Why Interviewers See Attitude and Personality as Job “Skills”

I’ve recently gotten some comments that express frustration about interviewers who seem to place more emphasis on personality than skills when assessing whether a candidate is right for the job. And more than a few of my Work Coach Cafe posts also suggest these are important areas to think about, both in interviews and the workplace.

I know that seems unfair to some of you, but here’s the basic truth behind who we want to hire: a successful employee not only has technical skills and talents that fit the job, s/he has to be someone we want  to work with on a daily basis – and who, in a time of crisis or when faced with challenges, will rise to the occasion with positive supportive energy.

So how can an interviewer know all THAT about you?

No guarantee they can. But their job is to use the interview process – as well as references of course – to try to see what you’d be like to work with. Basic skills are important, but in many cases they can be learned. Who you are as a person in the workplace and how you deal with people and the demands of the job rise to a different level – let’s call it a 3rd dimension that goes beyond the ability to perform day-to-day tasks. In many cases, your success as an employee depends as much on how you handle yourself day-in and day-out as on how well you do the required tasks.

I’ve seen talented people fail miserably at their jobs because they didn’t know how to navigate the human obstacle course that is the world of work. Your personality and attitude can make all the difference. And when I say personality, I don’t mean you have to be the star of the show – in fact that can be annoying if never lets up. It just means someone who would fit well with the office culture and be someone they enjoy interacting with day after day.

And so the stories you tell in an interview about how you handled things in the past and the way you behave during the interview provides important information to the interviewer. When you read articles on this or other blogs that talk about things an interviewer is looking for or impressions you might have left, rather than seeing this as “wrong” and therefore dismissing the validity of the entire interview process (not that there aren’t many MANY flaws), please know that interviewers are just trying to find a great fit for the company as well as the specific job. Since there is no way to know for sure, they have to look for cues.

It’s not just a skills thing

If it were just a skills thing, then every potential employee would be given a test and the highest scorer would get the job. That would sure be easier for those of us who do interviews. But it would not make for the most pleasant or effective workplace. People skills and how you handle things in life are probably your most valuable work skills.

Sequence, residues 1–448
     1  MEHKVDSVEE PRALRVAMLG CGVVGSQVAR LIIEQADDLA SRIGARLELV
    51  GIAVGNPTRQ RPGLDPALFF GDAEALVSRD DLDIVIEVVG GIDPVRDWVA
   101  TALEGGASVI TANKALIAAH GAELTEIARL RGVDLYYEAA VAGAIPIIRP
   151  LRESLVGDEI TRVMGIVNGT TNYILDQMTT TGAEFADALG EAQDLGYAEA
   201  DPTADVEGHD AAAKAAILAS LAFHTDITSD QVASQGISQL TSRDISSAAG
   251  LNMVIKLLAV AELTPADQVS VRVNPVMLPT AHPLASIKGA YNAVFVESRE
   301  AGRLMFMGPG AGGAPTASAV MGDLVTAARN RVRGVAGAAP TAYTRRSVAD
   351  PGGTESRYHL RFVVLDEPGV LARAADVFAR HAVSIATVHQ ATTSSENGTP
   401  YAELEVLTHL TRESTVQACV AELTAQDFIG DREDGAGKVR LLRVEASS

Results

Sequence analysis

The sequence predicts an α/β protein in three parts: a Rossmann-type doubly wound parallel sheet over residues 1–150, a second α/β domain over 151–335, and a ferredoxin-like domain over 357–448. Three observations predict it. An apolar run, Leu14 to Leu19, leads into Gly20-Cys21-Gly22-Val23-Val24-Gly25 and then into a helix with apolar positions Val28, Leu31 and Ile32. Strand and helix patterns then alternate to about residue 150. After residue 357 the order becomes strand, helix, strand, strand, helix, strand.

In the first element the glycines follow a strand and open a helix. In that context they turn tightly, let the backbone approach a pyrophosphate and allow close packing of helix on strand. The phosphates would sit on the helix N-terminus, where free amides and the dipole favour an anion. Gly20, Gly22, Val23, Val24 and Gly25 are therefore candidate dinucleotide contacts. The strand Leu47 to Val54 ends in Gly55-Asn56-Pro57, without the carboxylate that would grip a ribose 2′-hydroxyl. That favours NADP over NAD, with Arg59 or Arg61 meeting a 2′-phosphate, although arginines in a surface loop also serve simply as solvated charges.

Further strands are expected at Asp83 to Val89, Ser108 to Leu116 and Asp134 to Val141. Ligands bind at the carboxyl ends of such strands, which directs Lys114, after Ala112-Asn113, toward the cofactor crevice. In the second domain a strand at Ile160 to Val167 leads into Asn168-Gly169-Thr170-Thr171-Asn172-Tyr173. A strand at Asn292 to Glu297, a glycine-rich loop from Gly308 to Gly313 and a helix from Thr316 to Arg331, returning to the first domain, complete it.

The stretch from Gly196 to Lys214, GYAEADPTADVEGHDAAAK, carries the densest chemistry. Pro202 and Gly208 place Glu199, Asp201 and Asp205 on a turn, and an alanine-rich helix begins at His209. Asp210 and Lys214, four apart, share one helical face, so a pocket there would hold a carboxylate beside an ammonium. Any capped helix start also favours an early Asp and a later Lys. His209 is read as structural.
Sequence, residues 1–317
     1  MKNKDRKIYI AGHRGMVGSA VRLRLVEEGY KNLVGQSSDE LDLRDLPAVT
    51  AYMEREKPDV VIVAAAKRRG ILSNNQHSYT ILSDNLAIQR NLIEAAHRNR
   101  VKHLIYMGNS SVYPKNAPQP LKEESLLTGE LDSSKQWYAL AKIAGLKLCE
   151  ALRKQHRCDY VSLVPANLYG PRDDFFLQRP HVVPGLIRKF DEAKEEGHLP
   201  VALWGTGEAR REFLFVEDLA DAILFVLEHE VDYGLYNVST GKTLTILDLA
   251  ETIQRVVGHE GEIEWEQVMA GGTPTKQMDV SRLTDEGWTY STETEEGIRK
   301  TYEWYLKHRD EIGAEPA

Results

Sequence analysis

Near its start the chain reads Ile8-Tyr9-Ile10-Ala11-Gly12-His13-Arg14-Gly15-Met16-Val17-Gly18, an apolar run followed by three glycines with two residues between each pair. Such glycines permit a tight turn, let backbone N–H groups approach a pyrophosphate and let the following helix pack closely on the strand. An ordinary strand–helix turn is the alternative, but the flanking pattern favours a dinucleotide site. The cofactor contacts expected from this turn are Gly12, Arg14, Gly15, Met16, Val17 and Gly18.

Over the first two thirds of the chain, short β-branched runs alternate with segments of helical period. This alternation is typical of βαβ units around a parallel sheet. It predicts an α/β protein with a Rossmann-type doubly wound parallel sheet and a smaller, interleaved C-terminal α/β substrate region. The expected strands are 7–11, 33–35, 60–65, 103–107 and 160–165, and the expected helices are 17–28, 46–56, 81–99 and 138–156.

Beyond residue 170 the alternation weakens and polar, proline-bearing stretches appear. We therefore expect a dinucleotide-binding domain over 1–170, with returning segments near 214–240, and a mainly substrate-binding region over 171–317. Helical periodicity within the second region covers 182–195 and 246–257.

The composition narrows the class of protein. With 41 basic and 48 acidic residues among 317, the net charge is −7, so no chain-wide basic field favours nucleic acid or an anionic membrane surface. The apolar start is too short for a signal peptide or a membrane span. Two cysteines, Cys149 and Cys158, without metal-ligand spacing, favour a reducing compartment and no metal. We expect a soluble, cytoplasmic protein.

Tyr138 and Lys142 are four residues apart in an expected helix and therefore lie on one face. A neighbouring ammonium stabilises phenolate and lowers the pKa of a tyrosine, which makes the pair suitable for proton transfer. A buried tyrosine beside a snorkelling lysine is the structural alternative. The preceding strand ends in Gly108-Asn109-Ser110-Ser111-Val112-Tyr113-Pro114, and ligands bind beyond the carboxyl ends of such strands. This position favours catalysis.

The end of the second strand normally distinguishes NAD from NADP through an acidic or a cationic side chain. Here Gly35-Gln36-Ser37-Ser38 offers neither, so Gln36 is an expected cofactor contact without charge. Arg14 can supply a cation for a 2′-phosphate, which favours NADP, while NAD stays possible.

If you really get that, you have an important key not only to the interview process, but to the rest of your career. And the best thing is, you can take those skills with you wherever you go!

More from Work Coach Cafe

15 Things I Look for When I Interview People

10 Impressions You Leave Behind After an Interview

10 Reasons You Didn’t Get the Job

About the author…

Ronnie Ann, founder of Work Coach Cafe, bases her real-world advice on her many years as an organizational consultant where she helped interview and hire people, added to a certificate from NYU in Career Planning & Development and her own adventures as a serial job seeker. She can also be found on her new blog, and on Google+.


  1. Although I have been on both sides of this issue (interviewee and interviewer), I must agree. These days that “fit” thing is very important. The right person in the wrong enviroment will make themselves and possibly everyone else unhappy.

    • Hi jcny!

      Really appreciate your visit and comment. Since I know this is something that really frustrates some job seekers, helps to have other people say this really does matter. Hope you’re doing well.

  2. I know…I wish it WASN’T such a big part of the search. In my 18 month job search in ’09-10, I cannot tell you how many times I would come out of an interviewing knowing I could do any part of the job and still I didn’t get it. Many times it was the fit thing.

    Incidentally, almost all the struggles I have had in my new role are cultural issues…..or “fit”.

    • Thanks, jcny. It’s one of the toughest parts about the workplace. I’m on vacation now and just met a friend who went through quite a few wrong fit, but I am happy to report she finally found a great fit. I wish the same for you either in your present job or elsewhere one day. ;-)

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